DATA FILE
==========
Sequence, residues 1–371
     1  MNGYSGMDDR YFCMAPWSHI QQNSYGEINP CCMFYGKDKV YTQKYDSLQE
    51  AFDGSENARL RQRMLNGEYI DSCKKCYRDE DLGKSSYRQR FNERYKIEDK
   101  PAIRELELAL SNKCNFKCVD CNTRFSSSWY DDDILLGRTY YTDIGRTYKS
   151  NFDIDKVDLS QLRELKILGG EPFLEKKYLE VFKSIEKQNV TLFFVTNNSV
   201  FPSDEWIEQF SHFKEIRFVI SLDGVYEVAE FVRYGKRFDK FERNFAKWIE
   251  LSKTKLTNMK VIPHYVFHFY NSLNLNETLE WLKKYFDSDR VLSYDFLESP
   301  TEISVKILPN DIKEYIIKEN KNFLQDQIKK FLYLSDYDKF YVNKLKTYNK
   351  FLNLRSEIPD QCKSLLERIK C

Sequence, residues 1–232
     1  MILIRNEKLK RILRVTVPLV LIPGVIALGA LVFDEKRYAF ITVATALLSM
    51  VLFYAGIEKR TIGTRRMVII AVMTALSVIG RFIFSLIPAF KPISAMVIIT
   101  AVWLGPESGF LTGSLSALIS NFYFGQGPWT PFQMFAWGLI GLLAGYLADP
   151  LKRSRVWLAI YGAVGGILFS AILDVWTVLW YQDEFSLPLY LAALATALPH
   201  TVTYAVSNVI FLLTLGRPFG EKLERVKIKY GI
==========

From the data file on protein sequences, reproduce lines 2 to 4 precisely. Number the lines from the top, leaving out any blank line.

     1  MNGYSGMDDR YFCMAPWSHI QQNSYGEINP CCMFYGKDKV YTQKYDSLQE
    51  AFDGSENARL RQRMLNGEYI DSCKKCYRDE DLGKSSYRQR FNERYKIEDK
   101  PAIRELELAL SNKCNFKCVD CNTRFSSSWY DDDILLGRTY YTDIGRTYKS